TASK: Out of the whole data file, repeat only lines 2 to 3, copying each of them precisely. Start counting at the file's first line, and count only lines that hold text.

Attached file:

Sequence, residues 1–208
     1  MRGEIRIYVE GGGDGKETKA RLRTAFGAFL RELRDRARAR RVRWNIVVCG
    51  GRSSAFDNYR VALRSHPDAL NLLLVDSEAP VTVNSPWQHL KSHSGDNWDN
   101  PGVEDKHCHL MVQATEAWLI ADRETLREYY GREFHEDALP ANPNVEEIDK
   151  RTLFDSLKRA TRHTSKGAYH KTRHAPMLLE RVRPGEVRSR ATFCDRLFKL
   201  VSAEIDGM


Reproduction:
     1  MRGEIRIYVE GGGDGKETKA RLRTAFGAFL RELRDRARAR RVRWNIVVCG
    51  GRSSAFDNYR VALRSHPDAL NLLLVDSEAP VTVNSPWQHL KSHSGDNWDN